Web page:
“So just finding ways to navigate the supply chain issues we’re having at the moment. Just getting things on time is a real issue. In December, we normally have a rule that we don’t bring any containers into Australia or New Zealand.
“This year, we had 18 40ft high cubes come in. And none of that went out until January. So we pretty much missed half our December. But that’s all come in and gone out now.
“But it’s just those things like last year, I woke up every day and thought, “Okay, what’s the problem I’m gonna have to solve today.” Running a business at the moment is like that, you don’t know what the curveball is gonna be.”
“All right, Robert, what about you for Easy Living Home Elevators, where to from here, what is the next landing pad for the business?”
“From a systems perspective, we’re launching a couple of extra modules, the CPQ module, which configure price quote, so that we can get pricing out to our customers sooner, and that it’s correct pricing, which goes back to that single source of truth.
“In a fairly technical product, like an elevator, there are lots of different options. And if you click the option, it flows right through to the customer offer, right through to the order. Whereas previously there were human error elements that could get in the way of that.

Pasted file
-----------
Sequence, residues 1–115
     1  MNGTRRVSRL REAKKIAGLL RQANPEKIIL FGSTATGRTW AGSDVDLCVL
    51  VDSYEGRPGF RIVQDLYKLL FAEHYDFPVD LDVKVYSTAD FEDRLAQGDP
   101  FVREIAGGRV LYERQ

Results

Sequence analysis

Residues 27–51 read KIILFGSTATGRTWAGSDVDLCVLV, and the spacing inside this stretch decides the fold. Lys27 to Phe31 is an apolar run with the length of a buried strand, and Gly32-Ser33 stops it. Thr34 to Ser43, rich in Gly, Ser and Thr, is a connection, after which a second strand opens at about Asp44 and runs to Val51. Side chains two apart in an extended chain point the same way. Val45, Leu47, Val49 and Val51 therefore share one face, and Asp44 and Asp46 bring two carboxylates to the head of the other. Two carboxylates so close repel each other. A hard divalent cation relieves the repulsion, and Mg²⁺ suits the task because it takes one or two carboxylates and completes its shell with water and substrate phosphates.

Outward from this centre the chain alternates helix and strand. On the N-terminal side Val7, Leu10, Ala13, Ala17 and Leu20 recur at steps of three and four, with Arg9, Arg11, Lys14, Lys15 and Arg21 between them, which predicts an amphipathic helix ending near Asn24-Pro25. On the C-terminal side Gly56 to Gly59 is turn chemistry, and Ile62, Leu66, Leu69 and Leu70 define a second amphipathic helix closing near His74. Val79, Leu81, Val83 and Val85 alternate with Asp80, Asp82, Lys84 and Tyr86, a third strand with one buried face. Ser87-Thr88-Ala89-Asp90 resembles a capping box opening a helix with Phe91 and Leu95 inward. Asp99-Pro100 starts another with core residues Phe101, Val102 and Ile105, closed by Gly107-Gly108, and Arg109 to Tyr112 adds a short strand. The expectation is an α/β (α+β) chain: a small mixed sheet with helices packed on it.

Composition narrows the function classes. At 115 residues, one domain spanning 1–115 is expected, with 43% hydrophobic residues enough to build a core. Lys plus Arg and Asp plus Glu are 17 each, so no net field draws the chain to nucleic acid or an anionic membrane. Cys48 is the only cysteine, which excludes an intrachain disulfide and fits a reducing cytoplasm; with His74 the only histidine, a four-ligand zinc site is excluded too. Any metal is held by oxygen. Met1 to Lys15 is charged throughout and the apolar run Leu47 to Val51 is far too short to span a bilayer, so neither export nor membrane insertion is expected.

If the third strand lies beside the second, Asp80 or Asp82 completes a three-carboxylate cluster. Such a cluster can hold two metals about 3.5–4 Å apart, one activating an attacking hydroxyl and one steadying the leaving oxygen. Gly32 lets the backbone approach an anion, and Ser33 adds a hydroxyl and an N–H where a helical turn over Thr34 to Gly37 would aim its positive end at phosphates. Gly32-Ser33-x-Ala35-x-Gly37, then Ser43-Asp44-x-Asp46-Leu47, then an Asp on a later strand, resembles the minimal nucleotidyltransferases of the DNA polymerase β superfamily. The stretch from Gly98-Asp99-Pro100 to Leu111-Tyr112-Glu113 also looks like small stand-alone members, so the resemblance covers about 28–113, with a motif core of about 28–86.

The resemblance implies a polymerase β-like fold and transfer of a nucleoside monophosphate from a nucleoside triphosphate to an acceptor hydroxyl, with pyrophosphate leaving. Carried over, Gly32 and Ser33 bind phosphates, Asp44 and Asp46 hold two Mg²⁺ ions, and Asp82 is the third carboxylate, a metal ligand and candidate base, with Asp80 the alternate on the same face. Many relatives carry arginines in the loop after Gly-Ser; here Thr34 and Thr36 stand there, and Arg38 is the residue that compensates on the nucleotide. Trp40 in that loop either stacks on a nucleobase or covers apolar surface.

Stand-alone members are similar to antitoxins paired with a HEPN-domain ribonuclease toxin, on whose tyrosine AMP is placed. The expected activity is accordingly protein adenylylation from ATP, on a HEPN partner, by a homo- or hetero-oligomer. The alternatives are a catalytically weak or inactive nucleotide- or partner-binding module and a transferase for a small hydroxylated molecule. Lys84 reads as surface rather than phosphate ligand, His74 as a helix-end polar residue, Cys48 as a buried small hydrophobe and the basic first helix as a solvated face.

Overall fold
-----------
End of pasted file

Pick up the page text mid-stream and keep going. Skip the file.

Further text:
“So that’s almost ready to launch. Also, we’ve got another partner through [inaudible], which is building an intelligent service booking system.
“Because in the maintenance space, the way you maximise your profits is to maximise your efficiency, i.e. the minimum travel distance between each of the maintenance and break down visits.
“So there’s some mapping software we’re putting in place that does all the calculations for us. It’s very difficult to ask someone who is, say, based in Brisbane, to know that driving from Palm Beach in Sydney to Cronulla is a little bit further than what it looks like on the map. And you’ve got Sydney traffic to deal with. We’re pretty excited about that. We’re only a couple of weeks away from launching that.”
“Brilliant. Okay, let me introduce Heidi, Heidi, you can deep cloak. Say hello to Heidi heck from dynamic business, everyone. Okay, Heidi, you’ve been? You have been monitoring the audience for their questions. What do you have for our guests?”
“So I suppose I’ll start with you, Mark Kelly, what would you consider the absolute number one feature of NetSuite for your business?”